The Alliance suggested that, in accordance with the October 27, 2000 memo, the agency could apply either Exemption 4 (confidential business Start Printed Page 44211information) or Exemption 7 (investigative records), and further argued that either exemption allows the agency to retain the data as confidential. The Alliance asserted that Congress considered the early warning data to be pre-investigative screening information of the type NHTSA traditionally considers part of its internal deliberative process, and intended that the information be confidential until such time as a defect investigation is opened. The Alliance contended that the effect of Section 30166(m)(4)(C) was to modify a presumption in Section 30167(b) generally favoring disclosure.

Public Citizen argued that the TREAD Act did not create a categorical, statutory exemption from disclosure, and that a class determination that information does not presumptively create competitive harm should apply to information about consumer complaints, warranty data and property damage claims. Public Citizen further contended that it is reasonable to disclose each of the other categories of information because it is summary data by make and model and therefore, in Public Citizen's view, not competitively harmful. Public Citizen also asserted that reports of death and injuries and field reports are materials prepared as part of a defect investigation and therefore should be disclosed.

IV. Overview of the Final Rule

In the NPRM, we proposed changes to part 512 that were designed primarily to simplify and improve the clarity of the regulation and to update specific sections of the regulation to reflect current case law and legislation. The proposal was intended to ensure the efficient processing of requests for confidential treatment and the proper protection for sensitive business information received by NHTSA.

In a newly captioned Subpart A, the final rule includes the general provisions that establish the purpose, scope, and applicability of the regulation governing claims for confidential treatment, and that define the terms used in the regulation. Additionally, the final rule revises the definition of confidential business information to reflect developments in the law.

The final rule addresses the number of copies to be submitted to the agency when information is claimed to be confidential. The following must accompany any claim for confidential treatment: (1) A complete copy of the submission, (2) a copy of a public version of the submission and (3) either a second complete copy of the submission or, alternatively, only those portions of the submission containing the material relating to the request for confidential treatment, with any appropriate sections within the pages marked in accordance with this rule. Those filing comments to rulemakings must additionally submit a copy of the public version to the docket. The submissions must also be marked in accordance with this final rule.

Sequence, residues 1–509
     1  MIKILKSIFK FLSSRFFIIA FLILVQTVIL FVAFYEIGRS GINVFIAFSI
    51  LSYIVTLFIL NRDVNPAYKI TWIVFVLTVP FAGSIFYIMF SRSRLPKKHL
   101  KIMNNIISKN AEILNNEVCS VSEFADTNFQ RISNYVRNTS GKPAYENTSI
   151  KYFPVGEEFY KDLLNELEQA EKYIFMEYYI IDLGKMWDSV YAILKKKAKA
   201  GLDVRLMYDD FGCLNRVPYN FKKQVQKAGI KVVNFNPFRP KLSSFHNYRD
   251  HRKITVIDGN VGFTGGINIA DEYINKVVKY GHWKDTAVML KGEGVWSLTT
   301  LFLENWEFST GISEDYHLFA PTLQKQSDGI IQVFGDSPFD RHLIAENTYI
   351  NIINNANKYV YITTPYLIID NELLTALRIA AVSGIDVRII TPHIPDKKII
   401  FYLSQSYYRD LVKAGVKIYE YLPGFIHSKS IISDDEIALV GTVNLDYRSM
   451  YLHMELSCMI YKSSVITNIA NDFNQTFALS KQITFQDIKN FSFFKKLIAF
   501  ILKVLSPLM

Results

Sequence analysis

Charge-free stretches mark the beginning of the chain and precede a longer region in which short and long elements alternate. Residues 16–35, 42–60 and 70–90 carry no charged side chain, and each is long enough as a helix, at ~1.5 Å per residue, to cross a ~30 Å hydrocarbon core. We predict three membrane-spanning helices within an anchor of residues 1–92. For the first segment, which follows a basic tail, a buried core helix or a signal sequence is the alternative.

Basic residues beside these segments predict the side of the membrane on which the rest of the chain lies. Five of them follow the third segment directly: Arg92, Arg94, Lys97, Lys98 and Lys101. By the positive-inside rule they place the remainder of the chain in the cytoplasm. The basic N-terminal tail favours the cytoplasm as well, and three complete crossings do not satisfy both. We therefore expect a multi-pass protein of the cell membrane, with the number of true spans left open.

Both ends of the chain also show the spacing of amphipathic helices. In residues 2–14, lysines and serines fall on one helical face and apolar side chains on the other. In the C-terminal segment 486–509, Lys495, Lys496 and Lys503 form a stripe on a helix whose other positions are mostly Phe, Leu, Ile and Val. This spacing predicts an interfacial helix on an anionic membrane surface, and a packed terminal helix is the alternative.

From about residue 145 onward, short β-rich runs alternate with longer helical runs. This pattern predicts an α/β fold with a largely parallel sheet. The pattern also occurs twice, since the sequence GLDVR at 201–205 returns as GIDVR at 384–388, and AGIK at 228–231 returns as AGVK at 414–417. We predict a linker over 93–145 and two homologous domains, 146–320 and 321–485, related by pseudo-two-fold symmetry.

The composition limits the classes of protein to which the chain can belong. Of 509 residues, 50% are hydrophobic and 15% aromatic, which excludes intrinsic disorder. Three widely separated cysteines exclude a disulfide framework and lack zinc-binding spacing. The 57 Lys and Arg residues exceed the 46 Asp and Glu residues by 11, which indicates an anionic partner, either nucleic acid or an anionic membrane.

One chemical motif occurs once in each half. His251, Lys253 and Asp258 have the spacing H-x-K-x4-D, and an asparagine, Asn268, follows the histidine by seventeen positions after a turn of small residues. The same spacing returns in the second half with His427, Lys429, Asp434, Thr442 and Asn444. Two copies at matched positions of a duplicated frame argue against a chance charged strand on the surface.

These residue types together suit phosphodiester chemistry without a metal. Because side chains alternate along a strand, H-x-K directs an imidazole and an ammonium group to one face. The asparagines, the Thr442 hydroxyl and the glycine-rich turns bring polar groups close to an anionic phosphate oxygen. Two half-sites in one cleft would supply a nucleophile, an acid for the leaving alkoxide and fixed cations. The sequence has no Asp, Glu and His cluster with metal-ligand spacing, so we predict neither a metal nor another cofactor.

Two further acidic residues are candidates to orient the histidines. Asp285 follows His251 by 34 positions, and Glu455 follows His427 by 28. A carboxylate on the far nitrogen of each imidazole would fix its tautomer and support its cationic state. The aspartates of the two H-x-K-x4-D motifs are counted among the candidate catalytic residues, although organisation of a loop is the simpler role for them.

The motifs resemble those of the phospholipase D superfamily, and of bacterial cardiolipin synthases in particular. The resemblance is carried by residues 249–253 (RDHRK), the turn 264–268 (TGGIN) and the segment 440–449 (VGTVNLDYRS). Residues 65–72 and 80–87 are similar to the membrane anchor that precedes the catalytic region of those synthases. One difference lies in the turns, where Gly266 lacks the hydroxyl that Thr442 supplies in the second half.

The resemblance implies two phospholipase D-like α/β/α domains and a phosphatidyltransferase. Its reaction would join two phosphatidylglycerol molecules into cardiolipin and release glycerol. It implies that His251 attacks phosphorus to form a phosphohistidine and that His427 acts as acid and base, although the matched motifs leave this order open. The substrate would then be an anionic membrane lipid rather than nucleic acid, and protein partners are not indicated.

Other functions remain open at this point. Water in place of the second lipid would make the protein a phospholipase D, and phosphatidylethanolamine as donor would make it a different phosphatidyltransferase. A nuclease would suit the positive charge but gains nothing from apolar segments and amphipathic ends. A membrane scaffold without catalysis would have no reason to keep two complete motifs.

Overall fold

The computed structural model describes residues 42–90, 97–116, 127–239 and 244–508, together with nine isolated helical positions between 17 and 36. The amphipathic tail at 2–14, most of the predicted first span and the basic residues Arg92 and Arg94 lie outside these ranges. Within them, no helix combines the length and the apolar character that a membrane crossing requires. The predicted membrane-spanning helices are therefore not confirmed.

The final rule has eliminated the requirement that submitters redact personal identifying information from their submissions. The final rule specifies in Subpart B the manner in which information submitted to NHTSA and claimed to be confidential must be marked and identifies the supporting documentation that must accompany each submission. Each page containing information claimed to be confidential must be marked. If an entire page is claimed to be confidential, the markings must indicate this clearly. If portions of a page are claimed to be confidential, they must be marked by enclosing them within brackets “[ ].”

The final rule clarifies issues relating to the duty to amend claims for confidential treatment. It also provides that, when confidentiality is claimed for information obtained by the submitter from a third party, such as a supplier, the submitter is responsible for obtaining from the third party the information that is necessary to comply with the submission requirements of Part 512, including the requirement to submit a certificate and supporting information.

We have decided against the creation of categories of information presumed not to cause substantial competitive harm for a variety of reasons, including the fact that such a presumption is duplicative of existing law. Class determinations are intended to reduce or eliminate the need for individual consideration of information that, by its nature, has been determined to cause substantial competitive harm if released. Class determinations alleviate the unnecessary burden of filing individual claims for confidential treatment. Information not subject to one of the class determinations is already presumed to be publicly available. Submitters must make individual claims relating to the information and carry the burden of showing that disclosure would either likely cause substantial competitive harm or, if the information is voluntarily submitted, that it is not ordinarily released to the public.